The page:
This certainly isn't a good attribute in a point guard — much less any other player on the floor — but I see this becoming less of a concern moving forward as he continues to acclimate to the NBA. For a guy who played nearly every minute of the game (45:38 to be exact) and handled the ball in almost every possession, fans can live with a few mistakes here and there.

No, Lin didn't exactly beat the Mavs by his lonesome — and he's the first one to admit that, which is another reason why Lin's so refreshing. He had help from J.R. Smith, who scored 15 points in his first game back in the NBA since playing in China during the lockout, and Steve Novak, who had a surprising 14 points and hit four threes in the fourth quarter. But New York was also without its top scorer, Carmelo Anthony, and one of its best defenders, Bill Walker.

Nonetheless, Lin's smarts and quickness allowed him to dominate against one of the league's top defensive clubs, and, when his team needed him to come through, Lin was spectacular.

His back-to-back three-pointer and floater to end the first quarter gave the Knicks an early 12-point lead. His steal and dunk to end the third caused the crowd to jump out of their seats. His three-pointer over Dirk Nowitzki with 6:51 left in the game to extend the lead to nine points was nothing short of phenomenal. And, of course, the trey he hit as the shot clock was winding down, extending the lead back to five points after Jason Terry hit one of his own to close the deficit to two, was just insane.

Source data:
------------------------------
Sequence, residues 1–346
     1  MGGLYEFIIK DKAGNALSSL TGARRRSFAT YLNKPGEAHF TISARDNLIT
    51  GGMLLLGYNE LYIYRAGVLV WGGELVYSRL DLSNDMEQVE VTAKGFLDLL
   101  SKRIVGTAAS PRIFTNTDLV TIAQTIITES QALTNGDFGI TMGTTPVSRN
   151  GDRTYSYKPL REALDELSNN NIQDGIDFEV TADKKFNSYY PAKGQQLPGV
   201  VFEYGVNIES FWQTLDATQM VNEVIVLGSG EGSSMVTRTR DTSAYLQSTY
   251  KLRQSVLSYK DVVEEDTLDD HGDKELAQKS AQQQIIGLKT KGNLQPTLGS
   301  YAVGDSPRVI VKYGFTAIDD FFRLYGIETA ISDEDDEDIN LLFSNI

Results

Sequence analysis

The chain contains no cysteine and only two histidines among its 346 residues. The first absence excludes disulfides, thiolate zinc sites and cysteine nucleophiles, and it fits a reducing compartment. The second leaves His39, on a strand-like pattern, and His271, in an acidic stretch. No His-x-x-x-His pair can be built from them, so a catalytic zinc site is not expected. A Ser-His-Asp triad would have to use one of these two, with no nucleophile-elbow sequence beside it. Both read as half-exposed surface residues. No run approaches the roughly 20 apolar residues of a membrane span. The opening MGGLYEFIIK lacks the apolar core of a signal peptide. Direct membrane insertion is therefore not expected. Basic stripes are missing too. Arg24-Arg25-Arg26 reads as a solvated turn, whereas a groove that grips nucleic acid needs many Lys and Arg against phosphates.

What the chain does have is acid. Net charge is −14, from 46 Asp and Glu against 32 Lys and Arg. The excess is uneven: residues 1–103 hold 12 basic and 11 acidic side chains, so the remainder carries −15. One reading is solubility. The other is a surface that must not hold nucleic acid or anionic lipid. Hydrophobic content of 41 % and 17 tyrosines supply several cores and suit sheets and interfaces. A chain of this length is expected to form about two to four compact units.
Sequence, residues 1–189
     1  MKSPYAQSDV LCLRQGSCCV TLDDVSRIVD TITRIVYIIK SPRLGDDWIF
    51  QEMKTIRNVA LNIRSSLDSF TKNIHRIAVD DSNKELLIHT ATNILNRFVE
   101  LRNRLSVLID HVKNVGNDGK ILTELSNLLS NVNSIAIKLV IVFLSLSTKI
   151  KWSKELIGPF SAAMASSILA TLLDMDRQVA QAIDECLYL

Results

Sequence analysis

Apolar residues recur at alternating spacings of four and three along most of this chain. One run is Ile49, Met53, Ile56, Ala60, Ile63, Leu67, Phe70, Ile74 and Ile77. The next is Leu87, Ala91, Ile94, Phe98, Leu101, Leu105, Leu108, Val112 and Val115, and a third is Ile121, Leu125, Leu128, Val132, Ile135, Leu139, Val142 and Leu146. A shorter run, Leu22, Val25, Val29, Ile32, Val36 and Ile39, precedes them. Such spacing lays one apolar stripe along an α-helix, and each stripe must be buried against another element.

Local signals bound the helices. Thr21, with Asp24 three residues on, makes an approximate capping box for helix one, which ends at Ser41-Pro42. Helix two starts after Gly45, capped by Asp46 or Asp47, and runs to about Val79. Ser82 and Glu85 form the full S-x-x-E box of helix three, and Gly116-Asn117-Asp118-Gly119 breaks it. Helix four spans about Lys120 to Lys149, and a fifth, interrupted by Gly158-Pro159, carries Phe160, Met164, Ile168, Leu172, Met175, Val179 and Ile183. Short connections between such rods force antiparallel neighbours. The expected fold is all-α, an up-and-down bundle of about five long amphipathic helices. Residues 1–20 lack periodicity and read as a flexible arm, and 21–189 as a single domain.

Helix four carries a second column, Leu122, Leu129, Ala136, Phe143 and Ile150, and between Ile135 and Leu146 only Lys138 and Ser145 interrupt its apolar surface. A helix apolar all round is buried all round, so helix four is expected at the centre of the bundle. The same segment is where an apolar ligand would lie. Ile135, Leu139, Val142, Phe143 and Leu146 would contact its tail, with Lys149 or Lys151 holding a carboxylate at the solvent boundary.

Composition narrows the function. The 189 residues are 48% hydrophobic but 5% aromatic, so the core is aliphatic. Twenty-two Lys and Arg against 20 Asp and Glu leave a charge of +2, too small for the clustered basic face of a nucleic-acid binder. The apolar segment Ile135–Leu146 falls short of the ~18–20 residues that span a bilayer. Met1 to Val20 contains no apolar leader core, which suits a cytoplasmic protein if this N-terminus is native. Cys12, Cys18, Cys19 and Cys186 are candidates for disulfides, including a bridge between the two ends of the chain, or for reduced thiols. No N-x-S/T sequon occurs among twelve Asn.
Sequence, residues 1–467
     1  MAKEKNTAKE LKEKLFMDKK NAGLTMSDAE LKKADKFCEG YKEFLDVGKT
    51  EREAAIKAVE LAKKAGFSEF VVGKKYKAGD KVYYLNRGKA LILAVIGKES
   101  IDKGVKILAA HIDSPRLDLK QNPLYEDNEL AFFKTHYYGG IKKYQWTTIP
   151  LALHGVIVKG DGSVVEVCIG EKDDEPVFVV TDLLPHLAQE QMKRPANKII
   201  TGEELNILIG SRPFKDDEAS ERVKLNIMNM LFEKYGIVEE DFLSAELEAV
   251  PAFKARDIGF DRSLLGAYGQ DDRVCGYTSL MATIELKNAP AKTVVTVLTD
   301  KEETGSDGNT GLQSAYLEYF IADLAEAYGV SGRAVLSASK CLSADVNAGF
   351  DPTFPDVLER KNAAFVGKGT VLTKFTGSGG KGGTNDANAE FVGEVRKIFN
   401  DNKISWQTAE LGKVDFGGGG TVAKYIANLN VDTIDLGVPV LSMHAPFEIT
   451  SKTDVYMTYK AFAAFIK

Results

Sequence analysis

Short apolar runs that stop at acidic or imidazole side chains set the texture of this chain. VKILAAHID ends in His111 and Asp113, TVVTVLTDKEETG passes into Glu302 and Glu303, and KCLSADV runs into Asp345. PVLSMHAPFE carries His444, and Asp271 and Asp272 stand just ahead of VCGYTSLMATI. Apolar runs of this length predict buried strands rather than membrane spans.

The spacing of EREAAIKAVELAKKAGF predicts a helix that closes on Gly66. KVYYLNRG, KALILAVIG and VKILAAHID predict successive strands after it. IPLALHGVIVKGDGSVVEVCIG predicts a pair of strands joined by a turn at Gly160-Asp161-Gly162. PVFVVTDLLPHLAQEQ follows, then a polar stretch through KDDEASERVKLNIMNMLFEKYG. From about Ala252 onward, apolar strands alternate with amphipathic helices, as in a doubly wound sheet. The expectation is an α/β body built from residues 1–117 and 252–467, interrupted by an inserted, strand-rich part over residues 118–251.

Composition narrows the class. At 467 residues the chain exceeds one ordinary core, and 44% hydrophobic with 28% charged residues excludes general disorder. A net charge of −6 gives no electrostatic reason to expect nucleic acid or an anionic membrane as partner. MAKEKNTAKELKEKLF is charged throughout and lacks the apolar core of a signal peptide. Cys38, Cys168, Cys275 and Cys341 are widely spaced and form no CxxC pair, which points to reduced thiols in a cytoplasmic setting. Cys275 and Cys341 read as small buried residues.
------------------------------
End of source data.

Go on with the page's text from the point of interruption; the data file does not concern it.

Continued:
And it was all on national TV and against the defending champs, overshadowing arguably Nowitzki's best game of the year in the process.

“The game that he had, that's ridiculous,” Knicks head coach Mike D'Antoni said after the game. “The thing you can't teach is what's inside his heart. His heart is huge and you can't teach that.”

In this frenzied, shortened NBA season, Sunday's loss means little to the Mavericks. Friday's 15-point comeback against the 76ers, last night's thumping of the Celtics (albeit sans Rajon Rondo and Kevin Garnett) and their 21-12 record are enough evidence to suggest Dallas is doing just fine.

But for the 23-year-old Lin, the Knicks and the NBA, the game served as vindication for all the nonstop praise Lin has received in such a short amount of time. Yes, New York lost last night to a shitty Nets team, but it was hardly Lin's fault, as he racked up 21 points, nine assists, seven rebounds, four steals and just three turnovers.

I have no idea why the Mavs, Rockets and Warriors failed to recognize Lin's seemingly limitless potential. Much like every MLB team passed on Albert Pujols at least 12 times in the 1999 draft and NFL scouts decided there were 198 better players than Tom Brady in the 2000 draft, there's no real answer to that question.

I also have no idea what's in store for Lin as he plays more and learns more. But, for the first time in two decades, I'll be tuning in to find out.

The NBA, finally, is interesting again.